"A Morning Song"
During my visit to St. Martin's in the field the choir sung an advents hymn by Eleanor Farjeon, an English writer who mainly wrote Children's books. Already Eleanor's father had been an author and two of her brothers were writers as well while her older brother was a composer. Encouraged by her father Eleanor already started with five years to write and she lived for the most time of her live in literary and theatrical circles in London and Sussex. Her first and probably mot popular children's book was "Martin Pippin in the Apple Orchard" to which she later wrote a sequel. Eleanor as well wrote some libretti for her brother Harry and together with her brother Herbert several plays. Eleanor Farjeon died 1965 not far away from the Alexandra Palace in Hampstead.
Her till today best known poem to be sure is the originally written as a children's hymn to an old Gaelic tune "A Morning Song" which in 1971 was sung and published by Cat Stevens as "Morning has Broken " in his album "Teaser and the Firecat". The song got world-famous and was sung and published by different singers under different titles.
I didn't have this story in mind when I went to a bog bookshop at Piccadilly Circus to look for a book for my long train journey home to Germany. Only when I left the shop I realized that I had bought a book by J. Jefferson Farjeon, Eleanor's brother Joseph, who wrote between 1924 and 1955 more then 60 books.
My last evening in Alexandra Palace was the seventh evening of the PDC World Championship and the evening of the Austrians as beside Mensur Suljovic Zoran Lerchbacher stood on stage. Lerchbacher, who took part for the third time in the World Championship played against PDPA qualifier Simon Stevenson who till now failed to make an impact on the PDC Circuit. Stevenson has a way to play one could call economical. He throws lots of low scores till his opponent gets close to a finish, then produces a 180 or 140 and finishes off before his opponent is able to do so. He won the first that in this way and a few legs more but in the end Lerchbacher won as he was the far better player.
Next was Mensur Suljovic v Dutchman Ron Meulenkamp and it was a far from great match from both players and far from thrilling as well. It was a struggle all the time. The averages were almost the same: 88.51 for Suljovic, 88.56 for Meulenkamp. Suljovic slightly higher hitting rate on the doubles was crucial in the end. After the match Suljovic admitted he had been very nervous. He had practiced very hard to be prepared but somehow his head had let him down - now his mental coach had to help him. Somebody asked the question whether Suljovic would accept a Premier League Wildcard to which he answered he would accept it to 90 percent. I would say he'll have to improve a lot in the tournament to get offered a wildcard.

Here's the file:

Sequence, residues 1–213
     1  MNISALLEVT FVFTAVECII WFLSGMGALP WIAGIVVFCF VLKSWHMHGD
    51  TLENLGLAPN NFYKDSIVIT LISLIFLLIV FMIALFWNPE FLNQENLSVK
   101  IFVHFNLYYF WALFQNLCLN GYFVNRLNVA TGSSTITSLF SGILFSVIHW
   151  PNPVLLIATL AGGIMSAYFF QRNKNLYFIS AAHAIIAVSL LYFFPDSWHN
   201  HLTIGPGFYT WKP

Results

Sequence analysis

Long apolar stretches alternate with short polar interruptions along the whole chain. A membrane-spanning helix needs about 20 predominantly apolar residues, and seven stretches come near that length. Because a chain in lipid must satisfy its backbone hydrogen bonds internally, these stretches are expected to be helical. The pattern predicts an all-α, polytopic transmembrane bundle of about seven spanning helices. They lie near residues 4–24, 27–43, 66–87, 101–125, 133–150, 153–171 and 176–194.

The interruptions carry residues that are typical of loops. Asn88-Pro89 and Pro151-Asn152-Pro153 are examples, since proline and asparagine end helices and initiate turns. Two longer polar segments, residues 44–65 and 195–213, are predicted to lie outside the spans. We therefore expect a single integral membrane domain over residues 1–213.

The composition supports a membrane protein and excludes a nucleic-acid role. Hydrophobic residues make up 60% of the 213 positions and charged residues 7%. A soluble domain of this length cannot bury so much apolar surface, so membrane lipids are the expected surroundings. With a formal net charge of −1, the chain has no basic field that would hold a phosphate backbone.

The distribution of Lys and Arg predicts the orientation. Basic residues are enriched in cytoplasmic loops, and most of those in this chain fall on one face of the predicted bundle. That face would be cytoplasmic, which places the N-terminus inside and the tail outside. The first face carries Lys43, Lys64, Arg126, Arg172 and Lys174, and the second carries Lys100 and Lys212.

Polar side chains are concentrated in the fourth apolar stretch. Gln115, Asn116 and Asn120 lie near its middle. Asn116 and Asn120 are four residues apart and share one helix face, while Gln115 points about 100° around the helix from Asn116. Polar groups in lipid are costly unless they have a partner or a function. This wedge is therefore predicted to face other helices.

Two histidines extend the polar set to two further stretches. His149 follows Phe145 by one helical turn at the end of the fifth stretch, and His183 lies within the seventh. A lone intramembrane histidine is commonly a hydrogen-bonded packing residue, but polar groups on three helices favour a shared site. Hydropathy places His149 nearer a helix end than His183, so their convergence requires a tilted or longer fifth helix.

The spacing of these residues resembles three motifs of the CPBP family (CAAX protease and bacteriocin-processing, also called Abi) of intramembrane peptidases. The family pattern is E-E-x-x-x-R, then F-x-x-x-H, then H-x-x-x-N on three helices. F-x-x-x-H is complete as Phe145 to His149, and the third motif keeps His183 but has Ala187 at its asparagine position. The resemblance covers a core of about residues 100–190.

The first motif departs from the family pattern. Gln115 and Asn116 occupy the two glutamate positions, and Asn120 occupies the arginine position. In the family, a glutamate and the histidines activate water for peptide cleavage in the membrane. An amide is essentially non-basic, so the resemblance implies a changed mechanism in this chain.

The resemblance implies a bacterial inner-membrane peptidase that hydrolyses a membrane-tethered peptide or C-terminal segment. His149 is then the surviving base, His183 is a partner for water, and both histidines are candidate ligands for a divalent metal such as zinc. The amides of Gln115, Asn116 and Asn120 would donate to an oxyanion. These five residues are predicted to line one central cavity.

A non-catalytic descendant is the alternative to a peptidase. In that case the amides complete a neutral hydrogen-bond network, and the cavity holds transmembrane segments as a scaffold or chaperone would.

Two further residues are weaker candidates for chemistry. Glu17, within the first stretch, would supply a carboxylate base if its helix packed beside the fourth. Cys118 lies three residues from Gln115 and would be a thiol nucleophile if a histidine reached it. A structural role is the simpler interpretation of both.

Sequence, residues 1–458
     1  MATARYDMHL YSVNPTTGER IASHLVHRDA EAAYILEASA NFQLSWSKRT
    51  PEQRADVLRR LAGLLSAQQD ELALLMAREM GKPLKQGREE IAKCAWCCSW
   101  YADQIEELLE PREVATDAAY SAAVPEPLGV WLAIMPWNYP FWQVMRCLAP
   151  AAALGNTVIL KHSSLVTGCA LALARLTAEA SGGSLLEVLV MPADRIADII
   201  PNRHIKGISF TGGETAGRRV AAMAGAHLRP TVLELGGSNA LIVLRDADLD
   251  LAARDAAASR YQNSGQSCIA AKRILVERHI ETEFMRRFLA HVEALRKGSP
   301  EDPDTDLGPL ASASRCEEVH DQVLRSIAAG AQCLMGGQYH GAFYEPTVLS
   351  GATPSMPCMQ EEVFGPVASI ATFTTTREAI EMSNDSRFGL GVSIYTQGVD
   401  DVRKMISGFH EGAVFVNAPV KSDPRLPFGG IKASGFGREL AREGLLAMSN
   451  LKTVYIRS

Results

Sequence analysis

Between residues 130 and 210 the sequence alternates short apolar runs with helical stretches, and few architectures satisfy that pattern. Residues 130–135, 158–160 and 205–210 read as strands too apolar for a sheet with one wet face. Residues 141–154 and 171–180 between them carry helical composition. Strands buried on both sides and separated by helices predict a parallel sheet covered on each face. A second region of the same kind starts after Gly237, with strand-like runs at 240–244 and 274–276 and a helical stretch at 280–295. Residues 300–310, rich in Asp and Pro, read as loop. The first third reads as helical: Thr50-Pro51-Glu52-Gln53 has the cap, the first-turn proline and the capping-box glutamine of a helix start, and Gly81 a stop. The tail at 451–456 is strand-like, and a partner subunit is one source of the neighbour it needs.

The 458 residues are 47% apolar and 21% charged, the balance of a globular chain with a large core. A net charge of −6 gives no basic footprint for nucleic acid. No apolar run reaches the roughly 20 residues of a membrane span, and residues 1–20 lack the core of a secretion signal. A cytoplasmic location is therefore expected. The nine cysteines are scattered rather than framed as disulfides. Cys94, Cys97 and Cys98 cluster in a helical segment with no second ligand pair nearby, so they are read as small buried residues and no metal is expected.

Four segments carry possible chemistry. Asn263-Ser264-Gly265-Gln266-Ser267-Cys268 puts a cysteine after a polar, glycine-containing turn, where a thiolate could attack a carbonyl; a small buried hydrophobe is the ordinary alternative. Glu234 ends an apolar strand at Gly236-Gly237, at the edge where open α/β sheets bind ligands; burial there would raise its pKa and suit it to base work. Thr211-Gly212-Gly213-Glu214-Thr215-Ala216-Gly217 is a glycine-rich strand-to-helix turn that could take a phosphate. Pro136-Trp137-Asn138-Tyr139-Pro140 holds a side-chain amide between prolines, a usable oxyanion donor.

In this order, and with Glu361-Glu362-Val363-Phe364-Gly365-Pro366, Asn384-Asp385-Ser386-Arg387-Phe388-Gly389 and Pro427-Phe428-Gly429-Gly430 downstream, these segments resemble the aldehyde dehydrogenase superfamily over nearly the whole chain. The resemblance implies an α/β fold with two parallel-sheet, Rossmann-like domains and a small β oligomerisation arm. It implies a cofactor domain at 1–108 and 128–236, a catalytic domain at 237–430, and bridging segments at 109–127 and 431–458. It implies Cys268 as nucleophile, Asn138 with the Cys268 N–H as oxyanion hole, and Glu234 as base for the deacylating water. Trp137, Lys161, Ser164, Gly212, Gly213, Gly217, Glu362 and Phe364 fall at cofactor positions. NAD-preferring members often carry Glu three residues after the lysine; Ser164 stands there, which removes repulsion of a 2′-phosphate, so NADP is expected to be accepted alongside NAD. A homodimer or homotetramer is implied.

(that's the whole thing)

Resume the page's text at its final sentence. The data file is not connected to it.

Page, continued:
In the so called "match of the evening" James Wade played against Belgian Ronny Huybrechts. It was clearly better than the match before but still far from a great match more some kind of a labored victory for Wade. Wade himself didn't look too happy with his performance.
After the match again the journalists could question the winning player and one asked the question what Wade would think about the possible move to the bigger hall of the Alexandra Palace. Wade answered diplomatic, that he loves the venue and the atmosphere of the venue in which the tournament is played at the moment and that he was not quite sure whether it was possible to recreate it in the bigger hall with its enormous ceiling height but that he would play in every venue and that he always sees it as his job to entertain the crowd with his performance.
The match between Robert Thornton and Zoran Lerchbacher was the last match of the evening and it was on a similar level as the Suljovic v Meulenkamp match while Lerchbacher was the weaker player from the start. As he admitted after the match unhappily it just wasn't meant to be for him .
Thornton was not really happy with his performance as well but really happy win as he now could go into the Christmas break with a positive feeling.
My last evening at the World Championship had been at most an average dart evening, but the crowd had enjoyed it nevertheless. And I like Robert Thornton looked forward to Christmas!